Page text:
IS YOUR BUSINESS SAFE FROM DATA BREACHES?
The short answer is no.
It doesn’t matter if you are a blue-chip Fortune 100 company or a startup. At some point, an opportunistic hacker is going to target your business and your customers’ data. The results won’t be pretty.
Thankfully, there's a solution.
Breaches happen every day to companies of all sizes
You hear about them almost nightly on the news. But what is a data breach? The simplest definition is that a breach occurs when there is a gap or break in a barrier. When your business has a server or endpoint that isn’t updated with the necessary software “patches,” or rather, the latest protective updates to the program, it can become vulnerable very quickly.
A data breach can involve any type of information your company attempts to secure. One example would be your customers’ credit card information. Another would be their personal data or health information. Or your company’s trade secrets and IP. All these types of data have value to cyber criminals. This means that no business is safe from attempts by hackers to scan for holes in your system through which they can enter.
When a dreaded data breach does happen, what’s at stake? In the best case, your reputation. In the worst case, you lose millions of dollars on class action lawsuits. Even worse, in the direst of situations, lives could even be at risk. There’s almost no upper limit to the stakes where data breaches are concerned.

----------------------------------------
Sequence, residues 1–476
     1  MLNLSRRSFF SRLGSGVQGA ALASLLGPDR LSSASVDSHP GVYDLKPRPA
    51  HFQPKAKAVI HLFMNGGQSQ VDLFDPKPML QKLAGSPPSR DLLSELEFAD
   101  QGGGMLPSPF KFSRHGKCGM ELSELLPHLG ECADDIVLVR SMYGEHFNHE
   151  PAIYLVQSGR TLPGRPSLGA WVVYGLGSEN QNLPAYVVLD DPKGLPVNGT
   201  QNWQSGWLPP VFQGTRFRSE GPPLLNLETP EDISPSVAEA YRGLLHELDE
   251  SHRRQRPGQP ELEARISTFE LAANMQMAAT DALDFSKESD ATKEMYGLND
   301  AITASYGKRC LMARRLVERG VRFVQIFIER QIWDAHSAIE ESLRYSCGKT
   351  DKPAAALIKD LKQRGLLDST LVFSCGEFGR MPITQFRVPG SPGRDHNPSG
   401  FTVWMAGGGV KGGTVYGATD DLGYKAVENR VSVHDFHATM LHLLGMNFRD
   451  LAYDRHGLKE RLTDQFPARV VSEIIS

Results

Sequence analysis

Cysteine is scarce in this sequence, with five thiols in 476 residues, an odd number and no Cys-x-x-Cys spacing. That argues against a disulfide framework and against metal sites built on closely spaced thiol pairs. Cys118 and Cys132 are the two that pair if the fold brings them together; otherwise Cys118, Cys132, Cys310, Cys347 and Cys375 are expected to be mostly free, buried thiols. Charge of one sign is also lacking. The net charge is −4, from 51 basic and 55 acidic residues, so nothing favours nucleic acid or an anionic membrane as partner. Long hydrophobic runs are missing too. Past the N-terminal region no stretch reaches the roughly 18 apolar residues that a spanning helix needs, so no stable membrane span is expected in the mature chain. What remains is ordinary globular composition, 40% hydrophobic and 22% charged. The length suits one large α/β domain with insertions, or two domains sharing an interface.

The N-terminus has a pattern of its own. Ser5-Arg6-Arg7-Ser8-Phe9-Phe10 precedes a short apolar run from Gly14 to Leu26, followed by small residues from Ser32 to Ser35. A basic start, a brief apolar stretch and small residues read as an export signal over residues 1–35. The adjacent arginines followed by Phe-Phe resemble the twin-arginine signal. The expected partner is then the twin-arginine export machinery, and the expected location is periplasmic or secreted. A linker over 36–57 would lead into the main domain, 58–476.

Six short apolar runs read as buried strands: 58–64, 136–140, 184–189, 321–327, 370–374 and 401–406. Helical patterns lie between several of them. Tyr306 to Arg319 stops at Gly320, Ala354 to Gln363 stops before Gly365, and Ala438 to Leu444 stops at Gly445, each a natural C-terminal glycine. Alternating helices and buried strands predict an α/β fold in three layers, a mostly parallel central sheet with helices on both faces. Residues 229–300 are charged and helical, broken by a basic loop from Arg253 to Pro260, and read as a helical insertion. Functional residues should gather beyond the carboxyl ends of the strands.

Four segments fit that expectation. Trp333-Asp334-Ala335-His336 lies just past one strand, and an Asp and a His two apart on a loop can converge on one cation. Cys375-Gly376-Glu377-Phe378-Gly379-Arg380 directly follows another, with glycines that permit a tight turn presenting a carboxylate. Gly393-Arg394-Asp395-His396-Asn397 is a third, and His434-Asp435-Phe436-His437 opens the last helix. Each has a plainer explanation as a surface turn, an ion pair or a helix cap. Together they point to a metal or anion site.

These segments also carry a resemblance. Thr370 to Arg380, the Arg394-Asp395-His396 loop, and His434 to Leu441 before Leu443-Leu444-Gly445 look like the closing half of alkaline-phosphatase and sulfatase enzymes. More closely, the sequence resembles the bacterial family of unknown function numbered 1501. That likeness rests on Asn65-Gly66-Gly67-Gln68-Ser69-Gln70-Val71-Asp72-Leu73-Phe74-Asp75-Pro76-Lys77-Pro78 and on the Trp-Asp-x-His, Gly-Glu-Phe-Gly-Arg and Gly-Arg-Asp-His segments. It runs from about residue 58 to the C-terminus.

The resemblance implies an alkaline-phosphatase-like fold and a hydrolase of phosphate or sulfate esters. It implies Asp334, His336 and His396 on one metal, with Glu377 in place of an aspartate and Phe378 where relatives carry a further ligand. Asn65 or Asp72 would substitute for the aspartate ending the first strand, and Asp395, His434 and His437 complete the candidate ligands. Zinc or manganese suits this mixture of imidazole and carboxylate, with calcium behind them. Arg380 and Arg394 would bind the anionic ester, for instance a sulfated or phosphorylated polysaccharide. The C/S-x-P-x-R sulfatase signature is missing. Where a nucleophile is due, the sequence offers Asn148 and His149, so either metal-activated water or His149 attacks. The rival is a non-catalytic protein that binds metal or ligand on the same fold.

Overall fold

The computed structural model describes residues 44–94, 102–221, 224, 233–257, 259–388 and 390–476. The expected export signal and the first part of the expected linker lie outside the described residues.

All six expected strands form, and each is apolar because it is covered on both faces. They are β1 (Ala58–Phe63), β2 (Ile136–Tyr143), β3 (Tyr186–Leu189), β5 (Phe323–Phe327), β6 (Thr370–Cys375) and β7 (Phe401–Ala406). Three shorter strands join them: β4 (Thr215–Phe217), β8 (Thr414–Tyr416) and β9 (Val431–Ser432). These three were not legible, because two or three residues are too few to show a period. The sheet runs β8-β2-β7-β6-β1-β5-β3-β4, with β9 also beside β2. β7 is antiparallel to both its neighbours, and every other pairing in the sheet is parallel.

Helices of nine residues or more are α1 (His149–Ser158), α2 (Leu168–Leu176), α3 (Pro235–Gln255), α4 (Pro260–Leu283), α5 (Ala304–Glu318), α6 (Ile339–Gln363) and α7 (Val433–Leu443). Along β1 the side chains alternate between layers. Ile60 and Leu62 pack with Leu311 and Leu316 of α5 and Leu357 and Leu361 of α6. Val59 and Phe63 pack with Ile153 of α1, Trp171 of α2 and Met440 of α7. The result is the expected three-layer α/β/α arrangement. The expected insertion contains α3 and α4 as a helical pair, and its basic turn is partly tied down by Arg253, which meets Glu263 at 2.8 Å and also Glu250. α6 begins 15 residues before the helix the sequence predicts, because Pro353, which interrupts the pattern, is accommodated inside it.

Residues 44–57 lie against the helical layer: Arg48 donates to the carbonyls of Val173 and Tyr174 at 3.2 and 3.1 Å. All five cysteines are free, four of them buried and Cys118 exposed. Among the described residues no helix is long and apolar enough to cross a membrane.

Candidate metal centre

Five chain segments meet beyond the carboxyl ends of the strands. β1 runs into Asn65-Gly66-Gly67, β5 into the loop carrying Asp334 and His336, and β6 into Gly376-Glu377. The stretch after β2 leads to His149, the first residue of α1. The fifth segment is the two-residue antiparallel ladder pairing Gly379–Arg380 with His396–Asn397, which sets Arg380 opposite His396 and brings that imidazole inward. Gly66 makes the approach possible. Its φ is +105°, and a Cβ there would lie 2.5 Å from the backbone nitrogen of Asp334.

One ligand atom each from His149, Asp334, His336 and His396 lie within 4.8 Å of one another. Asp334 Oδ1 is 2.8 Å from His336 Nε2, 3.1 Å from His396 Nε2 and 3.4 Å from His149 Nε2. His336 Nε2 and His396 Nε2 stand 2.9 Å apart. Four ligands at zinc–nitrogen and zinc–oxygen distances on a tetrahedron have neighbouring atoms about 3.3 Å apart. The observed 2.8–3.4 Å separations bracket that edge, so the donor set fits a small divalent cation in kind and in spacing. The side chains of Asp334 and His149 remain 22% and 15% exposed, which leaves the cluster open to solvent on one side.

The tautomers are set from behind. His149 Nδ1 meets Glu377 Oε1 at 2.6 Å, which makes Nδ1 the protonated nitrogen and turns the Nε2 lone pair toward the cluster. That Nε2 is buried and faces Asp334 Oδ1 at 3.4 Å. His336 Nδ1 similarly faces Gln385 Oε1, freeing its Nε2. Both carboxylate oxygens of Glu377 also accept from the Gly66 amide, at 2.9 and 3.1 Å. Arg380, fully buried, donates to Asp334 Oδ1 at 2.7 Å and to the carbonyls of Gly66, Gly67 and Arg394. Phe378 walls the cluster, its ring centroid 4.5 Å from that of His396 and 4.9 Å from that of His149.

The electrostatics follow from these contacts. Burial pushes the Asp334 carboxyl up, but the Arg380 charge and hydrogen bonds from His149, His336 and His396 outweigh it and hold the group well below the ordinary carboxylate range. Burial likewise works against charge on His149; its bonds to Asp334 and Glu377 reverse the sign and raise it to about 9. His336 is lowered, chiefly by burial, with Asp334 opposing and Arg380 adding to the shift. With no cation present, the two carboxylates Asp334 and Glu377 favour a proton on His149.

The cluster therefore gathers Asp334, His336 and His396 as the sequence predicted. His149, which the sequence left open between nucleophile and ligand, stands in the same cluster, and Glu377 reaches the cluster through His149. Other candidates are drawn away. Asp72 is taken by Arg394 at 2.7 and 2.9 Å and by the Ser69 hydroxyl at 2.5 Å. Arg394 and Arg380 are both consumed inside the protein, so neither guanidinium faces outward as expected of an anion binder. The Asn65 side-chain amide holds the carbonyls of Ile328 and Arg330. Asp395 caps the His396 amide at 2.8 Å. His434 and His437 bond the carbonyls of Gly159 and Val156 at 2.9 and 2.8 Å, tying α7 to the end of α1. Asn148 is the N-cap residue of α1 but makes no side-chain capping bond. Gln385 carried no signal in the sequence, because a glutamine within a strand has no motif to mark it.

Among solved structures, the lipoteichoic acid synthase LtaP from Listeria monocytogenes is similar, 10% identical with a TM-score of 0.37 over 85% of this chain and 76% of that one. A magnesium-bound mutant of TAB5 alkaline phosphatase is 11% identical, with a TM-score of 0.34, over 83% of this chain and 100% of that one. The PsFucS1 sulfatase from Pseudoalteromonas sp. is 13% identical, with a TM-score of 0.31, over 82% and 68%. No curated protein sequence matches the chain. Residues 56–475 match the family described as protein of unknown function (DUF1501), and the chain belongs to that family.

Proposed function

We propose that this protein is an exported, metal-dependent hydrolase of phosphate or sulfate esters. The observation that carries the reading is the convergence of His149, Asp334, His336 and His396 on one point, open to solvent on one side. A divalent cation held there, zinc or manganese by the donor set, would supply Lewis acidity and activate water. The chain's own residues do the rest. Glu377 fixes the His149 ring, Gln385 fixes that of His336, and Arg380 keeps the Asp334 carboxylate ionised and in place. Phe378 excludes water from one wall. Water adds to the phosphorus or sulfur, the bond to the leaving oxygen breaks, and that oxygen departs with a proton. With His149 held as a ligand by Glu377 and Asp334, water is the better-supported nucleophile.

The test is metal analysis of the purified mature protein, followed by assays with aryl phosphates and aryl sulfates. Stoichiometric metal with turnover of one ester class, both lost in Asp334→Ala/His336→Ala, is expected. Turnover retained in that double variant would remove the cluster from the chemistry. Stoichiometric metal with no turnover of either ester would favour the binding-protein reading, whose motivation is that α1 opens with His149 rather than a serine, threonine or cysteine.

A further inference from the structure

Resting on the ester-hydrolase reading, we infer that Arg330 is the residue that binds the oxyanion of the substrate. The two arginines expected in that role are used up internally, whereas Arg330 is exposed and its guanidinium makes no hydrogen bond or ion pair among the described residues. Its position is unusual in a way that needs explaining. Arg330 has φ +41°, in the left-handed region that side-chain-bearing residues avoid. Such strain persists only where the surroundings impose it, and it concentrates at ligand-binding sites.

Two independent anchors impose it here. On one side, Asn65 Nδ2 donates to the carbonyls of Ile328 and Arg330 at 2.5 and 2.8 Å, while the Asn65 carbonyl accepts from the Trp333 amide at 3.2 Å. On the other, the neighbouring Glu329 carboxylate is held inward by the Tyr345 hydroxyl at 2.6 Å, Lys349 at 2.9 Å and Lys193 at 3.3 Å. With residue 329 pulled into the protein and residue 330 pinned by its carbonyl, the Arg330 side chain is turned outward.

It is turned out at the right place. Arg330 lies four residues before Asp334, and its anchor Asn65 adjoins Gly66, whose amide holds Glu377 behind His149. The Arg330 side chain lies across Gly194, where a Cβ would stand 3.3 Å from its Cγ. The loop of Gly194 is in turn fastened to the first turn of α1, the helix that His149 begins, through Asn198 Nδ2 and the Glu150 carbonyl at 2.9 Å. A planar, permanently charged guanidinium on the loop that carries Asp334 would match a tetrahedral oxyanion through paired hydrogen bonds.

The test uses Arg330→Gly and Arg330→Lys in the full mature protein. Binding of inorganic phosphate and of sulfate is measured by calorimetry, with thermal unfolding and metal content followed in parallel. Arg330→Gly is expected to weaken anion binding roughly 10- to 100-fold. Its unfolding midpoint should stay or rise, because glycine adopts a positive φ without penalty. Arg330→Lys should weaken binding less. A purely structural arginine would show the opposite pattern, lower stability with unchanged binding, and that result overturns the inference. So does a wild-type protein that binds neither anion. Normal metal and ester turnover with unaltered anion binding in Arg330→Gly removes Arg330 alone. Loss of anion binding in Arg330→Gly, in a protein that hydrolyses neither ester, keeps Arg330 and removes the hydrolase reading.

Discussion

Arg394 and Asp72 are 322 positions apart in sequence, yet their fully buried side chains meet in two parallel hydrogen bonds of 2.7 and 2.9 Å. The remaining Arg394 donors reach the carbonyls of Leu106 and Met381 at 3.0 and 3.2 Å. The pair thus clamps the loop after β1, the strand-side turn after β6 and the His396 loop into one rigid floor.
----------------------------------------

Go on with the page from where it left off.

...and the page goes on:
Business data breaches are increasing, with no end in sight
In the first half of last year, around 4.5 billion records were exposed due to breaches. In 2005, there were 157 reported breaches in the U.S. involving 66.9 million records. IBM reports that the average U.S. data breach costs $8.19 million USD and involves 25,575 records. By 2020, that cost is expected to exceed $150 million. Since 2013, 14.7 billion records have been $150 million lost or stolen.
If you have a small business, don’t think you can rest easy: The cost of just one record lost in a breach is on average $148. Even if you have a brand-new startup company with only ten customers so far, that’s a loss of $1,500 right out of the gate. Needless to say, this problem is very real. It’s also very expensive. Most breaches are engineered by razor-sharp hackers trained through efficient underground channels on exactly how to exploit common, innocent human errors.
The kind of errors one of your organization’s employees make every day. Like when your overworked IT staff of one fails to implement a critical software patch that leaves a big hole through which data thieves happily enter. What level of damage is your company’s infrastructure susceptible to simple errors like these? What risks are your customers exposed to?